The International Accounting Standards Board (IASB) and the US Financial Accounting Standards Board (FASB) have made a joint agreement to a convergence project on alignment of the framework and several standards among these the standards for revenue recognition. In December 2008 they finalized a discussion paper on the preliminary views on revenue recognition in contracts with customers. The discussion paper included 13 questions, and the boards received all in all 220 comment letters. In this thesis 33 comment letters have been chosen to form a general view on the opinion of the discussion paper. The boards’ solution was to dispose of the two existing revenue recognition standards IAS 11 and IAS 18, and instead propose a standard with only one principle for the revenue recognition. The reason for this move was two inconsistencies with the definitions of assets and liabilities, a differing of the principles in the existing standards and also the lack of guidance for multiple elements arrangements and for the distinction between goods and services. The two existing standards are old (last revised in 1993) and in the mean time the preferences of accounting theories have changed its course towards the asset and liability approach. The asset and liability approach is incorporated in the new standard by using phrases like contract assets and contract liabilities. Goods and services are both defined to be assets in order to show the alignment with the theory approach. The only argumentation for this switch can be found within the fact that a current exposure draft for the framework is favouring the asset and liability approach more than the existing framework is. Some of the weaknesses in the existing standards are still an issue in the proposed standard, but they might be eliminated in the coming exposure draft. One of the weaknesses that are eliminated is the inconsistency between IAS 11 and IAS 18 although it still exists only in another form. In IAS 11 revenue is recognized based upon the activity even if the customer does not have the control of the item being constructed, and in IAS 18 revenue is recognized when control and the risks and rewards are transferred to the customer. In the proposed standard revenue will be recognized when control is transferred to the customer, by which is meant the transfer of a good to a customer or the promised service is received by the customer. The transfer of control can for instance be achieved by continuous transfer, which according to the discussion paper is a condition that is fulfilled when a customer has the possibility of making special requests to the design of an item. In this situation revenue will still be recognized upon the basis of the activity even though neither the legal nor the physical control may have been transferred to the customer. The paragraphs for this type of recognition will simply be placed at another level than in the previous standards, but the situation of the differing principles has not vanished. The motives for making a new standard should mainly be that it makes it easier for users to apply with and that it simultaneously improves the level of the financial information. Nevertheless neither of these two reasons is adequately fulfilled within the discussion paper according to the main part of the selected comment letters. The respondents have many concerns, but besides the need for useful information, the other major concerns are a) the treatment of contracts within the contractor business basically due to an unclear definition of control that gives rise to insecurities about whether to apply a legal or a physical view, 2) the separation of a contract into performance obligations and 3) the distinction between a good and a service. Although some big hurdles are foreseen the proposed standard seems to be heading in a practical possible direction. In the future the boards should aim to enlighten how the financial information is becoming more useful to users compared to the information provided by the existing standards, since there is no big incentive for users to change the practice just because of an alignment between the IFRS and the SFAS. Any opponents will also emphasize the probable extra cost that hereby will be imposed on the entities.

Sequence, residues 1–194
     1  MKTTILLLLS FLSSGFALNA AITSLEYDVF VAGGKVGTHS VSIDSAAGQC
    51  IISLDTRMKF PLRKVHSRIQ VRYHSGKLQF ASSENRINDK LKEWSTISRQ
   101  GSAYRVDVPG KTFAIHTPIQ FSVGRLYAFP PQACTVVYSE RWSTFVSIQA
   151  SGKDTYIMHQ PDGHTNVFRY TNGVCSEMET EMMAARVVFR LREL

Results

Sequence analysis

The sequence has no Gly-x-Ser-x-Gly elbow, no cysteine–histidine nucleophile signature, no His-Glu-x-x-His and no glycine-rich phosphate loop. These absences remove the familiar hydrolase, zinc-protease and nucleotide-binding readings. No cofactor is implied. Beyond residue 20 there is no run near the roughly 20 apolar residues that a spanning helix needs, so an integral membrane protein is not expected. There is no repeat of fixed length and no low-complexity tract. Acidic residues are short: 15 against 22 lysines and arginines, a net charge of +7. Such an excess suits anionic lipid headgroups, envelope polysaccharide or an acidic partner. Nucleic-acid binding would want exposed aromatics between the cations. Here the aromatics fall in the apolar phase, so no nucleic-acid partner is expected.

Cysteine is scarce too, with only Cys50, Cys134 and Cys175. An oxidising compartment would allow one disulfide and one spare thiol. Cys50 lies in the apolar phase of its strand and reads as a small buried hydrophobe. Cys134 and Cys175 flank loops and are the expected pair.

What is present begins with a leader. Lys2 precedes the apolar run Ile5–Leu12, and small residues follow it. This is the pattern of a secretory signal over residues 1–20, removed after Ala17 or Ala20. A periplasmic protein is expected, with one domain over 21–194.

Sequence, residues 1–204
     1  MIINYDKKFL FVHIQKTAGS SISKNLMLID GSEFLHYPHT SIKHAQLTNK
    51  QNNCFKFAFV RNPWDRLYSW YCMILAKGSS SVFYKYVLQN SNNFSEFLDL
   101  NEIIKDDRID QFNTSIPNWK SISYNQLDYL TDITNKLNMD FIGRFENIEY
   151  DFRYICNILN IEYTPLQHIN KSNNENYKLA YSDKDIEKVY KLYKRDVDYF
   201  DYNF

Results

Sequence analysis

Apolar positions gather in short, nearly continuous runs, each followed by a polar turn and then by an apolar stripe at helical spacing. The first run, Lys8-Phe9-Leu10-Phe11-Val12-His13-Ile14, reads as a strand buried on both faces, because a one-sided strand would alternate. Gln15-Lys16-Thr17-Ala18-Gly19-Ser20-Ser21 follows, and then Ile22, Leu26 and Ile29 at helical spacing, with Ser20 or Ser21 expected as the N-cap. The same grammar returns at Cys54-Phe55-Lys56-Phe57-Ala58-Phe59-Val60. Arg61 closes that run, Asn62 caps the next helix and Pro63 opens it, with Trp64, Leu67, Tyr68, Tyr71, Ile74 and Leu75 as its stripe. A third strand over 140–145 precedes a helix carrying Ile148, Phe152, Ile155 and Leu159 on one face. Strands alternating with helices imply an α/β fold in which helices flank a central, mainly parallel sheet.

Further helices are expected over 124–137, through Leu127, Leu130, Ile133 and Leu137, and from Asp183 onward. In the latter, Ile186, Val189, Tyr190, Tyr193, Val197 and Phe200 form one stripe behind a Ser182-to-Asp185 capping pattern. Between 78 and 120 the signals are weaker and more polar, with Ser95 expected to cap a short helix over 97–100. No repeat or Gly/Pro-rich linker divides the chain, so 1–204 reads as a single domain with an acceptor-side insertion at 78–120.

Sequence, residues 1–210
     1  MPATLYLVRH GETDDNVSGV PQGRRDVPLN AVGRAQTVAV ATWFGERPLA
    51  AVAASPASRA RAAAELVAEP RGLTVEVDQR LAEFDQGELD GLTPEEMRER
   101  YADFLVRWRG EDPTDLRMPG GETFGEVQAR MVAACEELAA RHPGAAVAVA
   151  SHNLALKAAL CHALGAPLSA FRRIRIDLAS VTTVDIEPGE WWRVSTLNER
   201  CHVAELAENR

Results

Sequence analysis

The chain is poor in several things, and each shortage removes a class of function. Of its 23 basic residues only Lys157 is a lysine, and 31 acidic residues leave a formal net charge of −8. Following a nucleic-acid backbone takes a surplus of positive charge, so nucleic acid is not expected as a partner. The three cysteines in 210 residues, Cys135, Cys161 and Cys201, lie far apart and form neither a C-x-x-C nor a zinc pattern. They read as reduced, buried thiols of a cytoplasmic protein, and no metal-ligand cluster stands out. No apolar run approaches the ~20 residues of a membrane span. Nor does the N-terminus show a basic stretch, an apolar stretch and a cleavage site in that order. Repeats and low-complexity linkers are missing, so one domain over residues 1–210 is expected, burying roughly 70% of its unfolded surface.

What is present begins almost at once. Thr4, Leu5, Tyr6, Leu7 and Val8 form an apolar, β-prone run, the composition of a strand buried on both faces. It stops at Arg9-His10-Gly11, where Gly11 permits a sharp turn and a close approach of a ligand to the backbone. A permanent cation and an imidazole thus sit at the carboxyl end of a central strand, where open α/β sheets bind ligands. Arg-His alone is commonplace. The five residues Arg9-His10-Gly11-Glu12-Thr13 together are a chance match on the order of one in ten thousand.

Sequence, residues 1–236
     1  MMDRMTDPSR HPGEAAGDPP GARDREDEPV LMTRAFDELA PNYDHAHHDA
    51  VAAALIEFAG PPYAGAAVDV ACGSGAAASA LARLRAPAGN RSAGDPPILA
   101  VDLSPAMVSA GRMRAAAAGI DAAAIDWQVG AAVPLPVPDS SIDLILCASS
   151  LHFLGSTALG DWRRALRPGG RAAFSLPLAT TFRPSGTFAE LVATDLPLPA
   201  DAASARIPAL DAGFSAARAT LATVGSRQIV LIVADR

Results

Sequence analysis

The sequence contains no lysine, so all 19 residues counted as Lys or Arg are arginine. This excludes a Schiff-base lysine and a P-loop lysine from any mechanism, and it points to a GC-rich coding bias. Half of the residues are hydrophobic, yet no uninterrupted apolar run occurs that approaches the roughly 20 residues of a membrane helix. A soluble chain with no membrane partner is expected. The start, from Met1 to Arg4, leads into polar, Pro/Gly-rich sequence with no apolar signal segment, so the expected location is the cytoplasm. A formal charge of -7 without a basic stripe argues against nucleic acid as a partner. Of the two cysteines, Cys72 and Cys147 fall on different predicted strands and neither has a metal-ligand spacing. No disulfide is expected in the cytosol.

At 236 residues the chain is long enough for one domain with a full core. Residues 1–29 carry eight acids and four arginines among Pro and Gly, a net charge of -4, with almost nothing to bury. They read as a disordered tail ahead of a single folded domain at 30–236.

|Educations||MSc in Auditing, (Graduate Programme) Final Thesis|
|Number of pages||90|